Prior Convictions: Fuelling the fire


This whole petrol/diesel thing, then. I feels like one should stick up for diesels a bit in the face of falling sales and random tax hikes. I mean, it's not the diesel engine's fault that Volkswagen took liberties with it. And there remains, the SMMT reckons, "confusion" over the government's take on diesels, and how heavily they'll be taxed in future, which is a bit harsh given diesels remain very good, and entirely suited, for many things: slogging it out on the motorway, offering improved CO2 outputs, hauling lots of stuff. My old Land Rover Defender wouldn't be able to do the things it can now if it had a petrol engine instead.

But still it seems diesel is in for a hard time, unfairly or not. Hakan Samuelsson, boss of Volvo, reckons that in a couple of years, his company won't release a new model with a diesel engine option. Not just because it can't meet air quality targets (though NOx versus CO2 seems like a conundrum for our time), but because by the time they've had to fit all of the ancillaries to a modern diesel - particular filters, urea solution, and so on - battery prices don't have to fall much further for a petrol hybrid to be cheaper to make.


However. As part of my gig over on Autocar, I've inadvertently ended up on the Car of the Year jury (I know, but this year's shortlist is a good one), which on a judging day earlier this week gave me the chance to try different variants of the same car - a diesel, and a petrol - back-to-back on the same road.

It's not an opportunity I get that often, even in this game, and rarer still that it can happen with several different models. Without exception the petrol version of a given car was quieter, with a more broadly responsive powerband, it rode better, steered more sweetly and was more agile than its diesel equivalent. A petrol engine is generally lighter than a diesel equivalent, and although the kg differences might not be huge, you can really tell 'em apart on the road, where reduced weight takes less stopping, turning, and oomph to get going. It's not a PH car, but last week I tried pre-production Kia Ceeds in petrol and diesel form: the petrol manual was one of the sweetest-driving cars in the class. The diesel was anything but. Without exception the petrols were, in short, nicer things. If you like driving, much better things.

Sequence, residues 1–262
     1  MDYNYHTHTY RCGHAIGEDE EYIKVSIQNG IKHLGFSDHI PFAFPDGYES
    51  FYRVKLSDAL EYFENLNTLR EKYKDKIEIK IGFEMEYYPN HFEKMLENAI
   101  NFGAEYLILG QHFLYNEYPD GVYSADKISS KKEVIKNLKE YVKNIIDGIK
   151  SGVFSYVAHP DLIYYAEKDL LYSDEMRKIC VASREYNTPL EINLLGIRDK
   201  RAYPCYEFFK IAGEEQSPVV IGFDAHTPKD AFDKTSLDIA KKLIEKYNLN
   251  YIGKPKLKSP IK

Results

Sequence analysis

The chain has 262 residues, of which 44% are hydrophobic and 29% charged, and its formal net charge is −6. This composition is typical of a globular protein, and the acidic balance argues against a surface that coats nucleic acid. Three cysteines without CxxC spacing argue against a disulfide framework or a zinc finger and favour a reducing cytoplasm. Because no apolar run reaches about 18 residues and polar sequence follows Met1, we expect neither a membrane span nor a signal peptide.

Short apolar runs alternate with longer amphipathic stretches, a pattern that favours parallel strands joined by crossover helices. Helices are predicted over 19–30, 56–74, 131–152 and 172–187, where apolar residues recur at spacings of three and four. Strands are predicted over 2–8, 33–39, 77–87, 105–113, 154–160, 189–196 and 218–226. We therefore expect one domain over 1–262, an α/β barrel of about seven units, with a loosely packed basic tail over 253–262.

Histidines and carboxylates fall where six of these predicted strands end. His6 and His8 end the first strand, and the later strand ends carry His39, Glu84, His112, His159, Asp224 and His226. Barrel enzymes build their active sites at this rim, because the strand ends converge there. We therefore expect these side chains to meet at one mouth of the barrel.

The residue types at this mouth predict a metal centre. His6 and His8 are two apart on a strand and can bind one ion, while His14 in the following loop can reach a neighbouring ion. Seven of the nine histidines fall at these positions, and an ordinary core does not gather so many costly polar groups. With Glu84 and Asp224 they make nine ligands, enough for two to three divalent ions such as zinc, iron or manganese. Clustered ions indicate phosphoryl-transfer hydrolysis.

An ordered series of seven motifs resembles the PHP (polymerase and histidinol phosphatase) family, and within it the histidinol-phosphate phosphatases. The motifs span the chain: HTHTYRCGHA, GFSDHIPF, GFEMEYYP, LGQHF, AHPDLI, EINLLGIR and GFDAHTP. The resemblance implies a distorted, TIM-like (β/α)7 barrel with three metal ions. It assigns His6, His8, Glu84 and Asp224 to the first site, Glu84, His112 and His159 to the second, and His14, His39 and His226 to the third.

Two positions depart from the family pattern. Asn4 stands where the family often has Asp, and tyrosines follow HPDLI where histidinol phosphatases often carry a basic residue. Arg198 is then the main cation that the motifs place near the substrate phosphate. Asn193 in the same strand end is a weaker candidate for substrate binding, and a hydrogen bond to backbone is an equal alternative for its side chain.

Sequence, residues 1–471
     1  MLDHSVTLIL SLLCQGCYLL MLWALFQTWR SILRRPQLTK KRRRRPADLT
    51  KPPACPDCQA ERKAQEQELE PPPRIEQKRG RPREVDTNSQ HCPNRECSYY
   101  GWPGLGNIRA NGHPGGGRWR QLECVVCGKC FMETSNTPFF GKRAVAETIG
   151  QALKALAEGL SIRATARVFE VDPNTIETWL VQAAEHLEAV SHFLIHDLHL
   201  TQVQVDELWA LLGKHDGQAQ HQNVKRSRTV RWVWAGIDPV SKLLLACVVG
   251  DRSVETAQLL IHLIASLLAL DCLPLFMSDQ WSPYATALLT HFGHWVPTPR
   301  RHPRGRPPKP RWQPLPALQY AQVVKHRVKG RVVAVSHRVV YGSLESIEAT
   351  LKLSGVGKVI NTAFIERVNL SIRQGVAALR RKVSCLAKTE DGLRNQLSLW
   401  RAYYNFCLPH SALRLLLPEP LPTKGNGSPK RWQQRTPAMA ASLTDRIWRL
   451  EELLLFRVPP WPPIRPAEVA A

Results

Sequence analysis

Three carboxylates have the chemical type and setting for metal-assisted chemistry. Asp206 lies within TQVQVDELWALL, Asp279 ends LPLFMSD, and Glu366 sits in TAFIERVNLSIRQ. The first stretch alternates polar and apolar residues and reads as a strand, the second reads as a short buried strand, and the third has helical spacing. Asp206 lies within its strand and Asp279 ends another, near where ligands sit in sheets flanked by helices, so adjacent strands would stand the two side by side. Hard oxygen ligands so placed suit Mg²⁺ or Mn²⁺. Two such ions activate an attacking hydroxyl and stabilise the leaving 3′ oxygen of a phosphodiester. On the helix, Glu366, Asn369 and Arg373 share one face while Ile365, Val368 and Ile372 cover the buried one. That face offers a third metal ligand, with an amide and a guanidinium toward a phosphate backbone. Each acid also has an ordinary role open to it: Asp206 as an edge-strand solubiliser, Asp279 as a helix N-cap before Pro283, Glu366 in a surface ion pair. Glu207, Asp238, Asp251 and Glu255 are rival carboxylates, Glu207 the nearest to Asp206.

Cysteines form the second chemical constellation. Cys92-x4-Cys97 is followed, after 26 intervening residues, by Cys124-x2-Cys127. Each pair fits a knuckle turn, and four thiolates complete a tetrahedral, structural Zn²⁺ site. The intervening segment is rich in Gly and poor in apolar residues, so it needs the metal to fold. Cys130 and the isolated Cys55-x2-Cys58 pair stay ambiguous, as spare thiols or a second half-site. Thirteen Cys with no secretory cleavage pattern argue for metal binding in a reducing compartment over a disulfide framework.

So, if we are to be disincentivised from buying diesels, and the market readjusts to a bigger petrol bias than its had over the past decade, maybe that won't be such a terrible thing after all...

 

 

 

 

P.H. O'meter

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Comments (53) Join the discussion on the forum

  • Scottie - NW 16 Feb 2018

    What can your old Land Rover do with a diesel engine that it could not with the equivalent size and induction type petrol engine?

  • Brynjaminjones 16 Feb 2018

    Scottie - NW said:
    What can your old Land Rover do with a diesel engine that it could not with the equivalent size and induction type petrol engine?
    Exactly what I was thinking!

  • skidskid 16 Feb 2018

    Brynjaminjones said:
    Scottie - NW said:
    What can your old Land Rover do with a diesel engine that it could not with the equivalent size and induction type petrol engine?
    Exactly what I was thinking!
    This should be fun...................

  • Brynjaminjones 16 Feb 2018

    skidskid said:
    This should be fun...................
    Can of worms, potentially!

  • acme 16 Feb 2018

    Matt's comment re trying them back to back is interesting from my perspective. When choosing my last company car in 2014 I drove MK7 Golf's back to back; 2.0TDI and 1.4TSI ACT, there was simply no comparison in my eyes. The petrol was far quieter, but perhaps the most noticeable difference was the handling, I think there was an 80kg difference, which I assume was all in the nose.

    3.5 years & 67k later I'm very glad I chose the petrol.

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